Offline 1Minesweeper is NPcomplete James D. Fix Brandon McPhail May 24 Abstract We use Minesweeper to illustrate NPcompleteness proofs, arguments that establish the hardness of solving certain problems.
More informationSolutions to Assignment 4
Solutions to Assignment 4 Math 412, Winter 2003 3.1.18 Define a new addition and multiplication on Z y a a + 1 and a a + a, where the operations on the righthand side off the equal signs are ordinary
More informationNIM with Cash. Abstract. loses. This game has been well studied. For example, it is known that for NIM(1, 2, 3; n)
NIM with Cash William Gasarch Univ. of MD at College Park John Purtilo Univ. of MD at College Park Abstract NIM(a 1,..., a k ; n) is a player game where initially there are n stones on the board and the
More informationMODULAR ARITHMETIC. a smallest member. It is equivalent to the Principle of Mathematical Induction.
MODULAR ARITHMETIC 1 Working With Integers The usual arithmetic operations of addition, subtraction and multiplication can be performed on integers, and the result is always another integer Division, on
More informationN E W S A N D L E T T E R S
N E W S A N D L E T T E R S 73rd Annual William Lowell Putnam Mathematical Competition Editor s Note: Additional solutions will be printed in the Monthly later in the year. PROBLEMS A1. Let d 1, d,...,
More informationTHE DIMENSION OF A VECTOR SPACE
THE DIMENSION OF A VECTOR SPACE KEITH CONRAD This handout is a supplementary discussion leading up to the definition of dimension and some of its basic properties. Let V be a vector space over a field
More informationTheorem (The division theorem) Suppose that a and b are integers with b > 0. There exist unique integers q and r so that. a = bq + r and 0 r < b.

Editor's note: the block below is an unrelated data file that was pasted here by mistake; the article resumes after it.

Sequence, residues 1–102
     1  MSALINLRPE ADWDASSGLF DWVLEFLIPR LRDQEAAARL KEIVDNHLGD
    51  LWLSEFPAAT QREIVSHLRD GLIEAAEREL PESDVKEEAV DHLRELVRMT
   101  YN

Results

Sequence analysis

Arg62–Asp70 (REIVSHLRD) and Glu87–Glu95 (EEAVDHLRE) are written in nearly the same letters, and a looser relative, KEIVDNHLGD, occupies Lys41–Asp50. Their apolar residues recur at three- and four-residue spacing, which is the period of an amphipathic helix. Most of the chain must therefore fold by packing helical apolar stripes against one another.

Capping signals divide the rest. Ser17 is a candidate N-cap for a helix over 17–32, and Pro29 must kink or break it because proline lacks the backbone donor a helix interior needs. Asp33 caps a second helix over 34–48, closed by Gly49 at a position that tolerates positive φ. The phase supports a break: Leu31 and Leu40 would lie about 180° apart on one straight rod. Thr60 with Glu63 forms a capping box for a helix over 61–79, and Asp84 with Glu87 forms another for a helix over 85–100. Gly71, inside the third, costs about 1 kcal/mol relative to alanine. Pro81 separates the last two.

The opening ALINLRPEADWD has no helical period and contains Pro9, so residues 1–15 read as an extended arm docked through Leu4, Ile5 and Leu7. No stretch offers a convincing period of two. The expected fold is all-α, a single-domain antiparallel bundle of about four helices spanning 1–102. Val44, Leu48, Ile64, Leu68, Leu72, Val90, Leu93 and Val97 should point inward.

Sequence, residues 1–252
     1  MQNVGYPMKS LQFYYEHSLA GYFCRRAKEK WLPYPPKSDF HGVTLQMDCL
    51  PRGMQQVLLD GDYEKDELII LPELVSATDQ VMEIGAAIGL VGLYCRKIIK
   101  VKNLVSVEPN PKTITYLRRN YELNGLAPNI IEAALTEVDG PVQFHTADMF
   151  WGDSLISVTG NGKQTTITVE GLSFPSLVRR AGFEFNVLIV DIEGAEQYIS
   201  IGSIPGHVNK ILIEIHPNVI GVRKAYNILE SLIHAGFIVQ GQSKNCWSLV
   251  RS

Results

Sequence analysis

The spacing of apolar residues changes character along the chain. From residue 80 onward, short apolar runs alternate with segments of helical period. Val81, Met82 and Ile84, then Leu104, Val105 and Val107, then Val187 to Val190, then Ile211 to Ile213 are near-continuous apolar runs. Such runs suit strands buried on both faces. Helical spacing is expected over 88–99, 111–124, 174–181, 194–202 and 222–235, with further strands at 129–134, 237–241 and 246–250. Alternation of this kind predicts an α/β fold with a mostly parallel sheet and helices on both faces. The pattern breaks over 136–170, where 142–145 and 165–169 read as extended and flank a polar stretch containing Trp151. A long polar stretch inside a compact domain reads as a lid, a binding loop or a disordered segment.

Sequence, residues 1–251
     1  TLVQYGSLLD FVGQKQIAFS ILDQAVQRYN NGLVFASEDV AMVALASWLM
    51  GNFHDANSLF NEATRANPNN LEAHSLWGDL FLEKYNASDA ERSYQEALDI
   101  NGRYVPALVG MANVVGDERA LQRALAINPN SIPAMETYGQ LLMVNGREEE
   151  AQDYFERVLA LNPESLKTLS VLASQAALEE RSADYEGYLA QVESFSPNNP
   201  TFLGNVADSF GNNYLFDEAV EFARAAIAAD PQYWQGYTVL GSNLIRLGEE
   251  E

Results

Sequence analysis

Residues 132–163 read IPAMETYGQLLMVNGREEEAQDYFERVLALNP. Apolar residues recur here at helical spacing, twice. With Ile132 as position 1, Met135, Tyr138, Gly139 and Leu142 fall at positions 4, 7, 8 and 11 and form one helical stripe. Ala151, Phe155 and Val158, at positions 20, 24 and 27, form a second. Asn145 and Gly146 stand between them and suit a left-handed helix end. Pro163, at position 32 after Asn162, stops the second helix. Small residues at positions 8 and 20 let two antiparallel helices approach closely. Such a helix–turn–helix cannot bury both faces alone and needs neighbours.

Theorem (The division theorem) Suppose that a and b are integers with b > 0. There exist unique integers q and r so that a = bq + r and 0 r < b. We re dividing a by b: q is the quotient and r is the remainder,
More informationINTRODUCTION TO PROOFS: HOMEWORK SOLUTIONS
INTRODUCTION TO PROOFS: HOMEWORK SOLUTIONS STEVEN HEILMAN Contents 1. Homework 1 1 2. Homework 2 6 3. Homework 3 10 4. Homework 4 16 5. Homework 5 19 6. Homework 6 21 7. Homework 7 25 8. Homework 8 28
More informationCOS 511: Foundations of Machine Learning. Rob Schapire Lecture #14 Scribe: Qian Xi March 30, 2006
COS 511: Foundations of Machine Learning Rob Schapire Lecture #14 Scribe: Qian Xi March 30, 006 In the previous lecture, we introduced a new learning model, the Online Learning Model. After seeing a concrete
More informationInduction. Margaret M. Fleck. 10 October These notes cover mathematical induction and recursive definition
Induction Margaret M. Fleck 10 October 011 These notes cover mathematical induction and recursive definition 1 Introduction to induction At the start of the term, we saw the following formula for computing
More informationNew Zealand Mathematical Olympiad Committee. Induction
New Zealand Mathematical Olympiad Committee Induction Chris Tuffley 1 Proof by dominoes Mathematical induction is a useful tool for proving statements like P is true for all natural numbers n, for example
More information15251. Great Theoretical Ideas in Computer Science
15251 Great Theoretical Ideas in Computer Science 15251 Course Evaluations: sadistic Student Comments 251 is like: we re gonna kick your ass and you re gonna enjoy it. And we did! Awesome, despite soulcrushing
More informationWorksheet for Teaching Module Probability (Lesson 1)
Worksheet for Teaching Module Probability (Lesson 1) Topic: Basic Concepts and Definitions Equipment needed for each student 1 computer with internet connection Introduction In the regular lectures in
More informationDirect Proofs. CS 19: Discrete Mathematics. Direct Proof: Example. Indirect Proof: Example. Proofs by Contradiction and by Mathematical Induction